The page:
Covid-19 has helped revive interest in a Hakka Chinese family’s traditional handwoven rattan furniture.
In the 1970s, rattan furniture could be found in almost every Singaporean household. The pieces were also popular throughout Europe, where they prized for their lightness and durability.
For more than 50 years, Chen Foon Kee has been handweaving raw rattan—thin stems of a type of palm that grows throughout Southeast Asia—into shelves, chairs, and tables.
Now, Chen, 72, is one of Singapore’s last few rattan craftsmen. His small furniture store cuts a distinct profile, sitting amid the hustle and bustle of busy downtown Singapore.
He took over the store, Chun Mee Lee Rattan Furniture, from his father, a Hakka Chinese immigrant who started the business in 1948 after moving there from southern China.
Learning the art takes time and dedication. In the Hakka tradition, rattan makers are required to start as apprentices and learn the skills from a master craftsman for two to three years before starting their own businesses.
It’s all still done by hand
“Rattan furniture is made by hand, so every piece is unique,” he says. “Most of my customers learn about my business through word of mouth. They appreciate my craftsmanship, and that’s how I see my work, as something beyond just making a living.”
Chen started learning how to make rattan furniture when he was still a student.
“After school, I would watch my father work and copy his actions,” he says, “I gained enough experience to master the basics.”
To make a perfect piece of rattan furniture, a craftsman has to peel off the skin of each rattan strand before carefully cutting it into sections based on the size of the product.
“Rattan is very durable and airy,” he says. “It’s very suitable for making furniture.”
With the help of tools such as hammers and chisels, rattan can be woven into different sizes and shapes depending on the needs of customers. It’s an art of precision. Chen says the seats all have to be made to a specific height and width, regardless of the style of the furniture.
The process is also intimate and requires a great deal of focus. “We go through a thought process when making a chair or any other product with our hands,” he says. “We think about how a customer feels about the product. The process of making it is a way of communicating with the customer.”
The rise and fall of rattan furniture
In 1969, Chen’s father died unexpectedly. The son, then 19, took over the family business.
At the time, rattan furniture was fashionable in Singapore and could be found in almost every household. “It was a booming industry from the 1970s to ’80s,” he says. “Back then, our customers would buy an entire rattan furniture set—a shelf, a chair and a small coffee table.”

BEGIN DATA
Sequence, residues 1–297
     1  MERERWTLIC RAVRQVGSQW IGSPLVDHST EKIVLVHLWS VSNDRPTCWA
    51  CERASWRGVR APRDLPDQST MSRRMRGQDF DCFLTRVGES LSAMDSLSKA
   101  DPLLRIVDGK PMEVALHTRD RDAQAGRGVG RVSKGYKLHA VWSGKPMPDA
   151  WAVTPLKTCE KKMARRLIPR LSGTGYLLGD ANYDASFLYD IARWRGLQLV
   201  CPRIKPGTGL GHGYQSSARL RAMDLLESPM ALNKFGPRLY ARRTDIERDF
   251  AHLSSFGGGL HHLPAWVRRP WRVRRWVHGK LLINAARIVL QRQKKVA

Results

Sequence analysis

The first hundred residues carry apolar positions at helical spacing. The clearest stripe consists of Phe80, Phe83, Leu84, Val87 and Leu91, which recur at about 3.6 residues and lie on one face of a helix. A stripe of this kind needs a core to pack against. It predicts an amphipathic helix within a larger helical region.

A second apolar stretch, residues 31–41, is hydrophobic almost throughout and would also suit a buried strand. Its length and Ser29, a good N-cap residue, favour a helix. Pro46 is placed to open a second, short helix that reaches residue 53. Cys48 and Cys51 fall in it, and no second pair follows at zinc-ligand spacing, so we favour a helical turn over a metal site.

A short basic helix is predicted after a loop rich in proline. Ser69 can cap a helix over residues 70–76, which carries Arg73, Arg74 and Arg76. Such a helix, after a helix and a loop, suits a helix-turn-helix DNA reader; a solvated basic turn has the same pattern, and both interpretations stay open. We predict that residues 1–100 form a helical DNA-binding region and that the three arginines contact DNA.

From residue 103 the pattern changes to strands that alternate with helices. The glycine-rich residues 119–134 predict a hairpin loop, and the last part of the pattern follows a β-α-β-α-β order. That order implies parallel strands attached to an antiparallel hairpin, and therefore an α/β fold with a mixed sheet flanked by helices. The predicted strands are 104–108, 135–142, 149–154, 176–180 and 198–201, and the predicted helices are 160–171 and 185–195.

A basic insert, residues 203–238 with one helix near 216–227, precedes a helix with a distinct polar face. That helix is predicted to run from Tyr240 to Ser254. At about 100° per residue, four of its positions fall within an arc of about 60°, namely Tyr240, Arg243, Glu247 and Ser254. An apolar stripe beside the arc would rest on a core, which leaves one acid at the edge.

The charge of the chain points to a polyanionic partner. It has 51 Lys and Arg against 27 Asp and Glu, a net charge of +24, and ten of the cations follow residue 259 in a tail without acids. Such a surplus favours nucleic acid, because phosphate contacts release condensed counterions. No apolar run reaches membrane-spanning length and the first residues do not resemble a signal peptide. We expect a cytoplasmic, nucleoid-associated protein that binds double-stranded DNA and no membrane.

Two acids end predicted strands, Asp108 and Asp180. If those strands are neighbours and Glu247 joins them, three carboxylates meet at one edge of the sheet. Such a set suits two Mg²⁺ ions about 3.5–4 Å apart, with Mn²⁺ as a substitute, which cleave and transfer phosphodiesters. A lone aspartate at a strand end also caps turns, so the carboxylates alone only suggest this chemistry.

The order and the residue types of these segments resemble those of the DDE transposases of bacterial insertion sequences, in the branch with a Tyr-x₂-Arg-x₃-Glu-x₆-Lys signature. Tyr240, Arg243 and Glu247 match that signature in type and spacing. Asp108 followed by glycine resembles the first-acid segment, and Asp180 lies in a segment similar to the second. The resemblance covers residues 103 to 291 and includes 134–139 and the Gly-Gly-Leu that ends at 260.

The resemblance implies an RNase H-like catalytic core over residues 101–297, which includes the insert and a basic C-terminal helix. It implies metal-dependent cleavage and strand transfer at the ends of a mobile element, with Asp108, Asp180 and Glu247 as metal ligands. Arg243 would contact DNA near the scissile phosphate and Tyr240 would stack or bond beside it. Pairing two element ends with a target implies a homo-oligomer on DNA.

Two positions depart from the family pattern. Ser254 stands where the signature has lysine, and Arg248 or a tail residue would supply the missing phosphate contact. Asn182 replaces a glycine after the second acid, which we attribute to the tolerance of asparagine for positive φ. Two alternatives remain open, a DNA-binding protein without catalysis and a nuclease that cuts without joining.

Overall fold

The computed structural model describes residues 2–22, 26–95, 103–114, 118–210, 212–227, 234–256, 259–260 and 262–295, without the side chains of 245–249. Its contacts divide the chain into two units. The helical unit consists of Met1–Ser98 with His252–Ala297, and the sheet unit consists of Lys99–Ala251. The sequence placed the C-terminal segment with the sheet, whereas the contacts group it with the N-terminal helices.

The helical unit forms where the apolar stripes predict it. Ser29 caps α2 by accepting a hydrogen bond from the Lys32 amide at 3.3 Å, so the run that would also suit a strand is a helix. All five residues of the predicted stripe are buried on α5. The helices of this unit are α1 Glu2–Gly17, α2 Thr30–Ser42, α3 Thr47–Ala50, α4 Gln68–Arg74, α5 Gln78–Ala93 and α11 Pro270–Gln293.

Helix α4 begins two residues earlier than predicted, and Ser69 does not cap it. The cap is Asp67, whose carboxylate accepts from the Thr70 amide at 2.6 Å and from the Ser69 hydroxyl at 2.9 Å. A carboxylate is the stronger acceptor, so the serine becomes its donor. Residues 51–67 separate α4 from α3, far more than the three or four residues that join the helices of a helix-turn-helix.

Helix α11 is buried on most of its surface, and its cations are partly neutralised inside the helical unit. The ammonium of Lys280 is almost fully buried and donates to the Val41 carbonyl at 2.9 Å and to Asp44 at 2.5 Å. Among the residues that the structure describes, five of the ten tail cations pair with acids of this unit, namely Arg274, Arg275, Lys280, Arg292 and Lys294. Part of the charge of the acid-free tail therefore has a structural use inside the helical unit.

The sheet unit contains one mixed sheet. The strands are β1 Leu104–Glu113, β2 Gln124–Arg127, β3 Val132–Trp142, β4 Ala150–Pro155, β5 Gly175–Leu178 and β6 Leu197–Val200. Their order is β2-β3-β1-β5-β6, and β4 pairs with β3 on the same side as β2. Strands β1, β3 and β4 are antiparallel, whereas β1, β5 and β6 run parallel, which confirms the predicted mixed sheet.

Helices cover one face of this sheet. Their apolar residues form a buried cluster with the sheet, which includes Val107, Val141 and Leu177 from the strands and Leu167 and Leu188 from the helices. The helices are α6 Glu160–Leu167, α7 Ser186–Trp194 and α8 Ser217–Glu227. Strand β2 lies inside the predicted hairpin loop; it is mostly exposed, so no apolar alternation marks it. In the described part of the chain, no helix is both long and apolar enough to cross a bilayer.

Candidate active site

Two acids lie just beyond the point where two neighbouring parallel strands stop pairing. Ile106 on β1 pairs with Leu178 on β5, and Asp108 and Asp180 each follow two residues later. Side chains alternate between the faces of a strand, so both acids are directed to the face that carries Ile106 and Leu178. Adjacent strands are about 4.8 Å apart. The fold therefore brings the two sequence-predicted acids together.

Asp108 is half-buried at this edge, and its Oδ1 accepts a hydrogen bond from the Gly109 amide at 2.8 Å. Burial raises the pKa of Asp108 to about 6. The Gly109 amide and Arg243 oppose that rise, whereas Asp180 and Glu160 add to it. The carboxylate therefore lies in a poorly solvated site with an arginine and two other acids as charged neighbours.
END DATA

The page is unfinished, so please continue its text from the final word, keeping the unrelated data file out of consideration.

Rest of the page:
His company also shipped many pieces to European countries, such as Germany and France, where there was big demand for rattan products.
But from the ’90s onward, demand fell as people preferred heavier furniture over rattan designs. So Chen changed his business focus to repairing and refurbishing old furniture.
Nowadays, many customers see their old rattan furniture as a keepsake, he says.
“After all, this piece of furniture could have been with them for more than 20 years and holds memories,” he says. “Some rattan furniture pieces are like family heirlooms, passed down from generation to generation.”
How Covid-19 revived interest in rattan
In April, Singapore imposed stay-at-home orders to combat the spread of the Covid-19 coronavirus.
Since the measures were lifted in June, Chen says he has received a large number of new orders because customers have started to realize the benefits of rattan chairs.
“After we reopened in June, business has been brisk,” he says. “Many customers came to buy a new rattan chair after they found their chairs at home were not comfortable enough during the two-month lockdown.”
Despite the renewed interest in rattan furniture, Chen admits his craft is now almost non-existent in Singapore because of the slow, labor-intensive production process.
Still, he believes this traditional craft should be preserved because it’s more than just a way to make money.
“This type of craftsmanship is a very important part of our culture,” he says. “If we lose it, people will not be able to visit a workshop and create what they want. It would be a pity to lose something made with so much heart.”
Emmeline Ong contributed to this report.